The inside story about wrens in Hampshire

The wren, one of Hampshire's smallest but feistiest birds Photo: Shutterstock

The wren, one of Hampshire's smallest but feistiest birds Photo: Shutterstock - Credit: Archant

Usually one of the UK’s feistiest birds, the wren’s attitude changes when the temperature drops...

Traditionally one of the coldest months of the year, February can often see temperatures reaching as low as minus 10°C. Such cold harsh weather can see a change in the habits of one of our smallest, yet feistiest birds, the wren. Although not the smallest British bird - this record sits with the goldcrest and firecrest, both of which weigh around 5g - wrens are almost as tiny, weighing in at 9 to 10g, similar to a £1 coin.

All three species spend the winter here in Hampshire, and with such small size comes the problem of retaining their body heat when the temperature reaches rock bottom. The secret to survival lies in combining body warmth.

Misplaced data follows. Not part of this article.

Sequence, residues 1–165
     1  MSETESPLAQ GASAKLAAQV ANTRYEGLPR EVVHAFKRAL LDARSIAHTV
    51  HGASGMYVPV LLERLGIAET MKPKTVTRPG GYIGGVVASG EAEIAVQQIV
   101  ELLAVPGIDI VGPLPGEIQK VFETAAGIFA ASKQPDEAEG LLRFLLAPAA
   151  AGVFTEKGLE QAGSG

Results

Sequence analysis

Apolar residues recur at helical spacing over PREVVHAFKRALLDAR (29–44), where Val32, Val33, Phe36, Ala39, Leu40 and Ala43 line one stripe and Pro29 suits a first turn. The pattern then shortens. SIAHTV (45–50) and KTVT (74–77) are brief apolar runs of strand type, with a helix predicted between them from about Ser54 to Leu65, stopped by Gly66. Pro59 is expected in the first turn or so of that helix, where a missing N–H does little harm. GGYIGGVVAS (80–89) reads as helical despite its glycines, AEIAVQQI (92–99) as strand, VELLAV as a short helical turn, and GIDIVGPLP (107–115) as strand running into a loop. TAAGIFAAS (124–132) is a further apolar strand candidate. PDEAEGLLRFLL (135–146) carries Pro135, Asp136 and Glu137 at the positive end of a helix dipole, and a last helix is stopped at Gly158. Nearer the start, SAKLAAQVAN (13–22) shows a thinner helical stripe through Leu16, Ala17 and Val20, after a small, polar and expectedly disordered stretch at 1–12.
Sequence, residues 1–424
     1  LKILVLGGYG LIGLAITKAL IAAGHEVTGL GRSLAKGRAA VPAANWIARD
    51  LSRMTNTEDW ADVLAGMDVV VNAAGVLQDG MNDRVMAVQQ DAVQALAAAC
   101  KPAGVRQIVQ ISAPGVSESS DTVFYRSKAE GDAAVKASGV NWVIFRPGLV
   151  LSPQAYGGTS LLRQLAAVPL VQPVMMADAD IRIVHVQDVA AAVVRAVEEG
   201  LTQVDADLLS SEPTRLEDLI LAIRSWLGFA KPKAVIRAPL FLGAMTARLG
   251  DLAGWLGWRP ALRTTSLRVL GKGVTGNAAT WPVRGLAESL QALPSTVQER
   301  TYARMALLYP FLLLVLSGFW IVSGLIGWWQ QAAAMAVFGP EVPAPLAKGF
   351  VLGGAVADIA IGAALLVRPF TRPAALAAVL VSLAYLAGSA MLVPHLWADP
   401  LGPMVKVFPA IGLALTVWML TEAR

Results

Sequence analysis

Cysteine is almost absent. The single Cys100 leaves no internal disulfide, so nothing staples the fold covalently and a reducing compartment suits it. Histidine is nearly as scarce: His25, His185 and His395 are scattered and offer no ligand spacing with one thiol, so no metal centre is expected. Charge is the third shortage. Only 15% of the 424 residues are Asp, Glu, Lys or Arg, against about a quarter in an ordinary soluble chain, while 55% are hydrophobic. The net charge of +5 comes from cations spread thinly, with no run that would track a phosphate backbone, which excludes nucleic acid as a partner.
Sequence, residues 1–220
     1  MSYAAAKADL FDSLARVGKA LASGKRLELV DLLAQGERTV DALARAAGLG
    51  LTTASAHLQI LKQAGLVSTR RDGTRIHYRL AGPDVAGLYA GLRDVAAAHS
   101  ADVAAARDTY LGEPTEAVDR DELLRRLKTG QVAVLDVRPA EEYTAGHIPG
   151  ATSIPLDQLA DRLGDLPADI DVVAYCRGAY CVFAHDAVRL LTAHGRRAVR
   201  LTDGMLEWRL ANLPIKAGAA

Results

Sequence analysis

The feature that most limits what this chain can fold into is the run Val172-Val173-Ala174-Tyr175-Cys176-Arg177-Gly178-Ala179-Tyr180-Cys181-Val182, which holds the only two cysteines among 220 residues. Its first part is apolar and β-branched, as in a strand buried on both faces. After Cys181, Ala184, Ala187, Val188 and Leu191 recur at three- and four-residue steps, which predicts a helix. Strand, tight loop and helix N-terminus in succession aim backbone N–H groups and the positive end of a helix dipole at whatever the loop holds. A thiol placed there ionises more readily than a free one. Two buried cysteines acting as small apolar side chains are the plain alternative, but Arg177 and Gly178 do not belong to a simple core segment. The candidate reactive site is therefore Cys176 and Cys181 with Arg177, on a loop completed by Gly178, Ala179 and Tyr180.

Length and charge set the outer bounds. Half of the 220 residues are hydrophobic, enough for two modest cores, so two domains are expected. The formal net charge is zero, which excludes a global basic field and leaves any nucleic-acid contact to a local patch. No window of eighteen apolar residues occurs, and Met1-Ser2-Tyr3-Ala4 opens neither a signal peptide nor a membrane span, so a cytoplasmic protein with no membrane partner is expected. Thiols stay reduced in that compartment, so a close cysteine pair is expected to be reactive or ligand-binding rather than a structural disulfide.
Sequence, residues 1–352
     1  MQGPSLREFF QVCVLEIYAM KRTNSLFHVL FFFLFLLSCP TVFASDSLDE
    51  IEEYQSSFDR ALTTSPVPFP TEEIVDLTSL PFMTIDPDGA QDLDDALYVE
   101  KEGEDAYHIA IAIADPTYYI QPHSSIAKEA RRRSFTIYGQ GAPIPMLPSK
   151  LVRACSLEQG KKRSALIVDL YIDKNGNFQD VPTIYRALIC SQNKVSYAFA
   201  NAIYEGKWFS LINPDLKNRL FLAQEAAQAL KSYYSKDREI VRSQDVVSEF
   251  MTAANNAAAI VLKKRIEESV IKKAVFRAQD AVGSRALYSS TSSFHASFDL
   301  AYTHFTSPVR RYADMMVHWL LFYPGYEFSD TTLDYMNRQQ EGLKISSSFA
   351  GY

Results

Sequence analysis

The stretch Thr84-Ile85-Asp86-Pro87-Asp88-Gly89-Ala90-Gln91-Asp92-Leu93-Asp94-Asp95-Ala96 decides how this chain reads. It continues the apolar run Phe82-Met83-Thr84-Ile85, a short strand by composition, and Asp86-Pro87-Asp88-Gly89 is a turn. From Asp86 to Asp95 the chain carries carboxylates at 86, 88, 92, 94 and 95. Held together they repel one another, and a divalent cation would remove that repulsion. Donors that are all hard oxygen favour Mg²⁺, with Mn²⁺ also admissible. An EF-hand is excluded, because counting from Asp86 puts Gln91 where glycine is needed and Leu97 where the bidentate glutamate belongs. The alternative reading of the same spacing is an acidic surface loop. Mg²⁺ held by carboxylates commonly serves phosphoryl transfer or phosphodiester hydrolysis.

During mild weather, wrens will defend a winter territory, protecting an area with enough food to get them through to spring. But when temperatures drop, aggressive behaviour stops, and birds come together to roost communally overnight. This is often in a nest box, or under the eaves of a house - though they will also seek out natural roosts such as cavities in trees.

Most birds enter the roost as the sun sets, and leave before dawn, so you may be totally unaware that it is happening in your garden. This is normally up to ten birds, but the record is an amazing 61 wrens in one nest box in Norfolk in the winter of 1969!

The decision to snuggle up with others is often made by the male whose territory includes the roost. He will call and make short flights to invite others to his roost. As winter comes to an end, he will try to restrict entry to just females, one of which may become his mate for the year.

For many bird enthusiasts, Valentine's Day signals that it's time to clear out old material from nest boxes, removing droppings and potential parasites in preparation for nesting birds in the coming months.

Most Read

However, if it's particularly cold, it may be worth delaying this tidy up. The material could still be providing insulation for roosting birds.

February is also a great time to put up a nest box in your garden. Birds will be looking for nesting sites and preparing for the coming breeding season. Hampshire County Council's Countryside Service sometimes runs nest-box building sessions at its nature reserves and country parks, and sells ready-made nest boxes in some site shops. You can find details of our sites at our website address above.